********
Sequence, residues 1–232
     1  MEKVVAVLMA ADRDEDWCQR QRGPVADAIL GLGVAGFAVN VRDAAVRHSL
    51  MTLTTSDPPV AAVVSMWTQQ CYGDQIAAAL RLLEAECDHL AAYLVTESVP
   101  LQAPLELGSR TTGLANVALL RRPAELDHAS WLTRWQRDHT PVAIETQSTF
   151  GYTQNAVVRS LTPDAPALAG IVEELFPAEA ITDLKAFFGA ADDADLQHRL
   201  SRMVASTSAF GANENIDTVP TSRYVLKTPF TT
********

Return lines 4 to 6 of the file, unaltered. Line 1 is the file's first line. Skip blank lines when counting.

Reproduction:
   101  LQAPLELGSR TTGLANVALL RRPAELDHAS WLTRWQRDHT PVAIETQSTF
   151  GYTQNAVVRS LTPDAPALAG IVEELFPAEA ITDLKAFFGA ADDADLQHRL
   201  SRMVASTSAF GANENIDTVP TSRYVLKTPF TT